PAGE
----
George W. Anson

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George William Anson
Born (1847-11-25)25 November 1847
Montrose, Scotland[1]
Died 2 August 1920(1920-08-02) (aged 72)
Occupation Actor

George W. Anson (25 November 1847 – 2 August 1920) was a British actor who specialized in comedy roles; he appeared in New York and in Sydney, Australia. He appeared in plays of Shakespeare, particularly in productions by Herbert Beerbohm Tree.

Early life and career[edit]

He was born in Montrose in Scotland; his father was actor John W. Anson, whose early career was with theatrical companies of Dundee, Perth, Montrose and Inverness. His mother was the actress Barbara Johnson, the sister of Samuel Johnson who played the low-comedy roles in the Henry Irving Company at the Lyceum Theatre, London. George Anson first appeared on stage at the Theatre Royal, Edinburgh in December 1865. During the next few years he gained a reputation as a character actor.[1][3]

Niblo's Garden, Broadway, c.1887; Anson appeared here in 1872.

He appeared in New York in 1872, in the burlesque La Belle Sauvage by John Brougham at the Broadway theatre Niblo's Garden; later the same year he was in the burlesque Poll and Partner Joe by F. C. Burnand at the same theatre.[4]

His first appearance in London was at the Olympic Theatre in 1873, in the comedy Sour Grapes by H. J. Byron. In the following year he was in a production at the same theatre of Shakespeare's Much Ado About Nothing, in the role of Verges. Up to 1875 he was in other plays at this theatre, including Lady Clancarty, The Ticket-of-Leave Man and Henry Dunbar, all by Tom Taylor; in Henry Dunbar, playing the role of the Major, "his picture of light-hearted and ebullient villainy... was singularly life-like and unconventional".[1]

In 1875-86 he appeared in burlesques at the Court Theatre; in 1877 he returned to the Olympic Theatre; in 1879 he was at the Haymarket Theatre, where he appeared in The Life of an Actress by Dion Boucicault.[1]

A critic in 1880 wrote "As an actor Mr Anson is possessed of force and pathos, and is an excellent low comedian."[1]

The actor Sir Charles Hawtrey wrote of him "He was a very fine character actor, especially in rough parts".[5]

Shakespeare, Sydney and New York[edit]

In 1880 he joined the company of Shakespearean actress Madame Modjeska.[3]

In 1892 he appeared at the Criterion Theatre in Sydney, in New Men and Old Acres by Tom Taylor. The play was a success: the Sydney Mail stated it "sorely taxed the seating accommodations" and "every available corner was occupied". The Sydney Morning Herald said "Mr Anson had a tremendous reception, and the applause lasted so long that the actor had every excuse for feeling embarrassed".[6][7] The following month he appeared, in the role of Eccles, in the comedy Caste by Thomas William Robertson at the same theatre. It was his final appearance before returning to England. The Sydney Morning Herald said "after the present run it is not probable that as fine a cast will ever be furnished in Australia again".[7]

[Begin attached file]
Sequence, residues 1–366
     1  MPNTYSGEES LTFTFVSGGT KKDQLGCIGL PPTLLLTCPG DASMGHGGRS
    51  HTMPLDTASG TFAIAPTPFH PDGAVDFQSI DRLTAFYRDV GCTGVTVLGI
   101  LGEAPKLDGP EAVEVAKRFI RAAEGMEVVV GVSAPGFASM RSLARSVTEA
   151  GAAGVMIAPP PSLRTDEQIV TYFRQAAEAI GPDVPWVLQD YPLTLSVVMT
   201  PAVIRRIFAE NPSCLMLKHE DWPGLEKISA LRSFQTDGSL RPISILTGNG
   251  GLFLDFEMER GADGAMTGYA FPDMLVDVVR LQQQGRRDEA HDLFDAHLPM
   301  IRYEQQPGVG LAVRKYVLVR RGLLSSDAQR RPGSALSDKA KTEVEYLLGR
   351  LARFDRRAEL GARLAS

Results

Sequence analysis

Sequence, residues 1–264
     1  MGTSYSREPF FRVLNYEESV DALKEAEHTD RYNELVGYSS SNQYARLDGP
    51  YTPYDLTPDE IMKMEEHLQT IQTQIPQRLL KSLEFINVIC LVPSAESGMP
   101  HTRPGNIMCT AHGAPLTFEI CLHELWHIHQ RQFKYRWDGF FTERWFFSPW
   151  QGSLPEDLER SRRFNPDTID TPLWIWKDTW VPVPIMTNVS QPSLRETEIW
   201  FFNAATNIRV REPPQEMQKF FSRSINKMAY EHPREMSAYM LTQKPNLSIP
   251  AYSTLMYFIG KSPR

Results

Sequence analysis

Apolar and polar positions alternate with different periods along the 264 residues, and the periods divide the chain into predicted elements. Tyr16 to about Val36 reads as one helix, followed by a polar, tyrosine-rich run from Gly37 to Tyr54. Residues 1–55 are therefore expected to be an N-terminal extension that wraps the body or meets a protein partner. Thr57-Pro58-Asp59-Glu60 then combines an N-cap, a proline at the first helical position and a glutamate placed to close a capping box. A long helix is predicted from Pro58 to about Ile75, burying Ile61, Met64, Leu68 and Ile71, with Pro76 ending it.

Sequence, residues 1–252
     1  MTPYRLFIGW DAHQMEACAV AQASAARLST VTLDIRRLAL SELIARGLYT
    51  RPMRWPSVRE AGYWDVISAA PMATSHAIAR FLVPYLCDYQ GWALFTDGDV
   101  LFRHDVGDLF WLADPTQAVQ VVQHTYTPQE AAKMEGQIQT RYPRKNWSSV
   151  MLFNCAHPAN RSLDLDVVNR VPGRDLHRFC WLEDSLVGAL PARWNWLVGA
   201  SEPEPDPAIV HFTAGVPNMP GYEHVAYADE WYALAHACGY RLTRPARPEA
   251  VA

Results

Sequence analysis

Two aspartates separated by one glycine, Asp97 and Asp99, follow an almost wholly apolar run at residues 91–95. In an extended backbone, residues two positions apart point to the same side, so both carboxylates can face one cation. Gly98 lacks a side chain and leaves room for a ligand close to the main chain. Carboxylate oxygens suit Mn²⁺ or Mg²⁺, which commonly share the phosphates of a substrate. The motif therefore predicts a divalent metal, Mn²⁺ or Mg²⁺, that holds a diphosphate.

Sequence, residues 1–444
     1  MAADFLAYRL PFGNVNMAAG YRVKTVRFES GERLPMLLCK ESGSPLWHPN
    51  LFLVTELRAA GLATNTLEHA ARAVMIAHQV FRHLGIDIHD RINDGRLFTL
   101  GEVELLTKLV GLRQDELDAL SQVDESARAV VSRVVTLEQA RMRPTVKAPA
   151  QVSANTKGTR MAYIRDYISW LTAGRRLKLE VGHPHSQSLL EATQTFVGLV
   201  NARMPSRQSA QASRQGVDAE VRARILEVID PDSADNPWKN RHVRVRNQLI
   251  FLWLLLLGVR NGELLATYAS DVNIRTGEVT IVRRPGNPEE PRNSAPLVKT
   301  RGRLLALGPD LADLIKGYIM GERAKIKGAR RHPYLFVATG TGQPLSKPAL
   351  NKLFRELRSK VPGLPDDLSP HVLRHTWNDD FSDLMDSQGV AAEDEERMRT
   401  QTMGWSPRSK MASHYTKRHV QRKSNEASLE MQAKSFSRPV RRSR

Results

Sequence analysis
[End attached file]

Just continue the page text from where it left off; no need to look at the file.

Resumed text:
In 1897 in Broadway, he was in the comic opera La Poupée which was produced by Oscar Hammerstein I at the Olympia Theatre.[4]

Her Majesty's Theatre in London, built in 1897; illustration in The Strand magazine.

From 1907 he appeared in several productions at Her Majesty's Theatre in London. They included Shakespeare's Hamlet, The Merry Wives of Windsor (playing Falstaff), The Merchant of Venice (playing Old Gobbo) and Julius Caesar (playing Ligarius); also The School for Scandal by Richard Brinsley Sheridan and a dramatization by J. Comyns Carr of Charles Dickens's novel The Mystery of Edwin Drood (playing Durdles). This theatre was built in 1897 with the involvement of Herbert Beerbohm Tree,who directed and appeared in these plays.[3][8][9]

Between 1910 and 1917 he appeared in various Broadway theatres. He appeared in Suzanne which ran for 64 performances at the Lyceum Theatre, opening in December 1910.[4] It came during 1911 to Toronto, where a reviewer wrote, "The veteran English character actor George W. Anson [was] playing the role of a crusty old brewer. Mr. Anson is an artist, who for years has been associated with the most noted actors of England...."[10]

Other Broadway plays in this period included in 1916 a revival of The Merry Wives of Windsor, in which Beerbohm Tree also appeared, and in 1917 The Barton Mystery by Walter C. Hackett, in which George Anson's son Albert Edward Anson also appeared.[2][4]


He appeared in the 1914 short film The President's Special, one of many films produced by Thomas A. Edison, Inc. up to 1918, and he was in the 1915 American film The Builder of Bridges (based on a play of that name by Alfred Sutro), directed by George Irving. He was in the British film Desire (based on a story by Balzac), directed by George Edwardes-Hall; the film appeared in 1920, the year of George Anson's death.[2]


  1. ^ a b c d e "The Dramatic Lists: a record of the performances of living actors and actresses of the British stage, by Charles E Pascoe, 1880". Cornell University Library, via November 2013. 
  2. ^ a b c "George W. Anson". Internet Movie Database. November 2013. 
  3. ^ a b c "G. W. Anson". Shakespeare & the Players, by Harry Rusche; Emory University. November 2013. Archived from the original on 2013-12-11. 
  4. ^ a b c d "G. W. Anson". Internet Broadway Database. November 2013. 
  5. ^ "The Wilkie Collins Pages". November 2013. 
  6. ^ "The Criterion Theatre". November 2013. 
  7. ^ a b "Theatre in Sydney 1892". November 2013. 
  8. ^ "G. W. Anson". Theatricalia. November 2013. 
  9. ^ "C. J. Phipps's Theatre and Hotel". British History Online. November 2013. 
  10. ^ Hector Charlesworth (May 1911). "The Toronto Theatres". Musical Canada. 6 (1): 40–41 – via RIPM. (Subscription required (help)). 

External links[edit]